55th Commission on the Status of Women | February 22, 2011
Education Empowers Women
It is well acknowledged that women suffer many indignities: discrimination, violence, poverty, sexual exploitation, lack of access to basic services etc. The World Youth Alliance supports the work of the Commission on the Status of Women and its efforts to promote and empower women and girl children. The education of women is fundamental to their empowerment and integral to achieving sustained development. Millennium Development Goal 2 insists on the importance of education and the need for equal access for both boys and girls. (1)
The World Youth Alliance recognizes that all persons have an intrinsic dignity; it is this dignity that provides the basis for all human rights. We recognize that all persons are equal in dignity regardless of sex, race, culture or creed and this equality demands equal participation in the development process especially access to education. Equal access to education for women and girls is the only proper response to their dignity as persons.
Women are empowered when they are recognized as being equal in value to men and are given the tools and means to develop their unique and unrepeatable gifts and talents. The ICPD recognizes that, “education is one of the most important means of empowering women with the knowledge, skills and self-confidence necessary to participate fully in the development process.”(2) Unfortunately, poverty, undernourishment and unemployment are the primary factors that prevent girls from finishing primary school.(3) As stated by the UNFPA, investing in girls’ education is one of the most effective ways to reduce poverty.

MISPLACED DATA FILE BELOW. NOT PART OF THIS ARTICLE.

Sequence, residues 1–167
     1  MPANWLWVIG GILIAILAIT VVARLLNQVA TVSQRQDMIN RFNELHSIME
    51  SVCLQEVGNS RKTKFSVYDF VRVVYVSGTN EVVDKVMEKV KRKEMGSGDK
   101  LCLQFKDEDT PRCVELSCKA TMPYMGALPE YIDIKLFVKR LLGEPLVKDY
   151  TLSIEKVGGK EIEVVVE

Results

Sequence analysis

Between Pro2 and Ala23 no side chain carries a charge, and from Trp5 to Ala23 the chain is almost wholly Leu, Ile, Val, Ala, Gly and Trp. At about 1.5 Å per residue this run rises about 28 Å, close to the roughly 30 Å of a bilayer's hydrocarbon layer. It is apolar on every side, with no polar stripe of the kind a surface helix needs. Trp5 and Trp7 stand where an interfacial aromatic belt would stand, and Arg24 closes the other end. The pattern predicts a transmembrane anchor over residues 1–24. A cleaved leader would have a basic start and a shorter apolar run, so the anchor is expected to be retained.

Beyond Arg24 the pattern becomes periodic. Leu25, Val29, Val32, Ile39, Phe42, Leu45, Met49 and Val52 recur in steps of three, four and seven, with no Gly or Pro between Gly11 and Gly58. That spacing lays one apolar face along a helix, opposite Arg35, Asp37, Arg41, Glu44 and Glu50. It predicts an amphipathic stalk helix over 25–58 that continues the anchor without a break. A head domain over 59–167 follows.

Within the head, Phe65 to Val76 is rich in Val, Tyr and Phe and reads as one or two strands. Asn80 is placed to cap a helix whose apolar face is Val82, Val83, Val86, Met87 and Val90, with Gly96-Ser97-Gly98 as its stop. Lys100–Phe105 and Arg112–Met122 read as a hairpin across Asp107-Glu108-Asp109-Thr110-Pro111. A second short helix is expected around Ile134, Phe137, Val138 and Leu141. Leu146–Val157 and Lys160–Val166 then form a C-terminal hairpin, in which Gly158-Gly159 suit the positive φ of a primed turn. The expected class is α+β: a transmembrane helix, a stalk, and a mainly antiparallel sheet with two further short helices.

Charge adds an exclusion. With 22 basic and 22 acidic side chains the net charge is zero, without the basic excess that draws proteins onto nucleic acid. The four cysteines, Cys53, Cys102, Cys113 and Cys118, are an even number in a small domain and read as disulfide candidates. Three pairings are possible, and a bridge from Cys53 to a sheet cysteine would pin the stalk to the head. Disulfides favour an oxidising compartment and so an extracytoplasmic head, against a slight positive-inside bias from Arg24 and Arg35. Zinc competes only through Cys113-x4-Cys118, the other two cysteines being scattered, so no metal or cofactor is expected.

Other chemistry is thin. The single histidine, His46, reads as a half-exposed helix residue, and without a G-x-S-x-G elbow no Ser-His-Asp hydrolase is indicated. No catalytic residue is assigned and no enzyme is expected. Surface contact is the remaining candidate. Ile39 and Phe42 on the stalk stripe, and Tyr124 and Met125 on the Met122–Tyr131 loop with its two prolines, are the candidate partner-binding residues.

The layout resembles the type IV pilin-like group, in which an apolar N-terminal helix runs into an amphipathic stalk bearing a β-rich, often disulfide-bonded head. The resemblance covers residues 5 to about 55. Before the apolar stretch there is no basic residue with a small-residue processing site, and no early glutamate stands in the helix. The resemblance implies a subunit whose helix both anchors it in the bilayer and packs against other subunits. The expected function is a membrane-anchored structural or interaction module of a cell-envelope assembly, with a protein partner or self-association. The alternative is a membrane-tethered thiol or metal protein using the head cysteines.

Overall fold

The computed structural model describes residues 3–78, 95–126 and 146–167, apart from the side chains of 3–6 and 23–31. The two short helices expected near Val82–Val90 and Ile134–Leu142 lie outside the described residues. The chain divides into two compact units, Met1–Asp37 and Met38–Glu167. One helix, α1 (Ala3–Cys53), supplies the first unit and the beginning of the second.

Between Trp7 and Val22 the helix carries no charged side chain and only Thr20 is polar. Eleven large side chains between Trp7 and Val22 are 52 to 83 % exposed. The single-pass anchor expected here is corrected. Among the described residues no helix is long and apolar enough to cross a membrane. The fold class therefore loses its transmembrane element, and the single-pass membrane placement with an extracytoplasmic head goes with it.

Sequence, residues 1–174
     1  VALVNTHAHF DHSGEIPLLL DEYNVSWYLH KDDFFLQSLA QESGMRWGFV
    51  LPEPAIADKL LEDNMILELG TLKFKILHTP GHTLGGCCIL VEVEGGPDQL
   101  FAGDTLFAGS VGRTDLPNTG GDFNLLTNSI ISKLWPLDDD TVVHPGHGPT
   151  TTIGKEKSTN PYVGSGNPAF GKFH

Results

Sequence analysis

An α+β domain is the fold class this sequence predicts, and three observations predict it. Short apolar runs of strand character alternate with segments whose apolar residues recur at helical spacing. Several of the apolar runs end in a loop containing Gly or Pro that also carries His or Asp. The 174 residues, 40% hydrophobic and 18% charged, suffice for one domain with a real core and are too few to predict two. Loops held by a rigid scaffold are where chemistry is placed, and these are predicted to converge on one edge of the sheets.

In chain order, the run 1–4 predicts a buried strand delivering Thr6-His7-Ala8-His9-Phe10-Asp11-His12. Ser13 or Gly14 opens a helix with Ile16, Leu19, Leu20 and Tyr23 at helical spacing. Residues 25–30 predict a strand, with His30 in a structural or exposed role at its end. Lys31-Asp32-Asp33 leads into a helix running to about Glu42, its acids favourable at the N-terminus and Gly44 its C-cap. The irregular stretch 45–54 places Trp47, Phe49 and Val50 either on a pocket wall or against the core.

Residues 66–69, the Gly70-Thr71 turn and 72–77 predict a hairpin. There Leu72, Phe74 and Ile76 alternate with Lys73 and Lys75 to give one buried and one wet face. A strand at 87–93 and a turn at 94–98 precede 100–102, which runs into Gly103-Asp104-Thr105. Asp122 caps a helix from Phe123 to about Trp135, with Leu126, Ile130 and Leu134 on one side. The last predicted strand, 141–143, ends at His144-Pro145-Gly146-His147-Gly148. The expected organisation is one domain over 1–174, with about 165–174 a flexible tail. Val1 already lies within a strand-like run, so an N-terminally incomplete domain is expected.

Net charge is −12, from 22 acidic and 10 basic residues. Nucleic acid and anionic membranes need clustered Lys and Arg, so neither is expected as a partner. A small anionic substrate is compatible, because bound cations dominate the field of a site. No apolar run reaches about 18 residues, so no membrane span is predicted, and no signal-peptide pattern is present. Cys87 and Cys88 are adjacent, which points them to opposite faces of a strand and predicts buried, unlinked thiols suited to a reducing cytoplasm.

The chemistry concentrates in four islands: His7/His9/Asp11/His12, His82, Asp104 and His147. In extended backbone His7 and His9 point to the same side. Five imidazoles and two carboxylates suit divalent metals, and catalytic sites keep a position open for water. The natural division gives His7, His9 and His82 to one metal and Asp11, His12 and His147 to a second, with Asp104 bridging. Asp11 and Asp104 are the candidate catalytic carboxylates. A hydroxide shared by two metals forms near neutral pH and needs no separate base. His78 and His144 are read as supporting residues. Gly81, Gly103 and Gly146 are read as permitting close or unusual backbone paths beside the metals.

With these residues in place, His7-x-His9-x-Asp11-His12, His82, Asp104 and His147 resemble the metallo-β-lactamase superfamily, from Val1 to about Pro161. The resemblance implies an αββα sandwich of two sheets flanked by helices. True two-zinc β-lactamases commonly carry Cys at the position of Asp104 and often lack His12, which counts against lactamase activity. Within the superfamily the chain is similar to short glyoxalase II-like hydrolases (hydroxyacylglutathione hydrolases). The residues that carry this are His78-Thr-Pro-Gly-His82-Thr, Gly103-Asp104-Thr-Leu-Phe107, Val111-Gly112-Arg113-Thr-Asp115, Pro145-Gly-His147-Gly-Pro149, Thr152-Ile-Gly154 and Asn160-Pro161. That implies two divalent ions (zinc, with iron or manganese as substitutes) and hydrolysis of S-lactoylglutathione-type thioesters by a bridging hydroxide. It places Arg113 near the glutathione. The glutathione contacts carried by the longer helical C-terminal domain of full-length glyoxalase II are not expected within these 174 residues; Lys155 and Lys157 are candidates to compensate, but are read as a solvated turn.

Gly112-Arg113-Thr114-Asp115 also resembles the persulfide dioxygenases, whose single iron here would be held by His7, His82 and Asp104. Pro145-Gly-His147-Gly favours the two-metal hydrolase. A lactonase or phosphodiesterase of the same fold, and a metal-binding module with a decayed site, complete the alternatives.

The education of women and girls also has implications for women’s health. Discrimination against women and girls is often coupled with forced marriage and early sexual debut, whether consensual or by violence. Forced marriage, as well as early sexual debut, hampers girls’ access to education.(4) Forced marriage and early sexual debut, as well as other risky sexual behaviours, are linked to both poverty and discrimination, as well as to lack of information and informed consent. Educational programs that highlight the dignity of women and girls must emphasize a knowledge-based approach that encourages and enables women to avoid risky sexual behaviours and to have healthy long-term reproductive health outcomes.
The empowerment and advancement of women by means of education is crucial to authentic development. We recognize that human dignity is the only foundation on which appropriate and holistic programs and policies can be developed. Women’s equal access to education, and the development of knowledge-based reproductive health programs is not only critical to achieving authentic and sustainable development, but more importantly, is fitting to their dignity as persons.
(1) Millenium Development Goals
(2) ICPD Programme of Action, paragraph 4.2
(3) United Nations Development Programme Report – What will it take to achieve the Millennium Development Goals, 2010. (Key messages, Synergies between MDG goals (second paragraph), 3.2 Primary Education); Paragraph 14.1 and 14.2 of Commission on the Status of the Women Report on the 51st session.
(4) Commission on the Status of the Women Report on the 51st session. (Norms and Policies and 14th statement)
Dr. Miriam Grossman is a Scholar In Residence at the World Youth Alliance and a physician with training in pediatrics as well as child, adolescent and adult psychiatry. The author of three books about sexual health, she has been on over 200 radio, news, and television shows. In addition, Dr. Grossman has spoken internationally to parents, students, educators, policy makers and health professionals. In March 2010 she spoke at the United Nations Council on the Status of Women. Dr. Grossman graduated with honors from Bryn Mawr College and from New York University Medical School. She completed an internship in pediatrics at Beth Israel Hospital in New York City, and a residency in psychiatry at North Shore University Hospital – Cornell University Medical College, followed by a fellowship in child and adolescent psychiatry at the same institution. Dr. Grossman is board certified in psychiatry and in the sub-specialty of child and adolescent psychiatry. Dr. Grossman lives in Los Angeles,
California with her family.
For questions about the event, please e-mail Christopher White (Christopher@wya.net)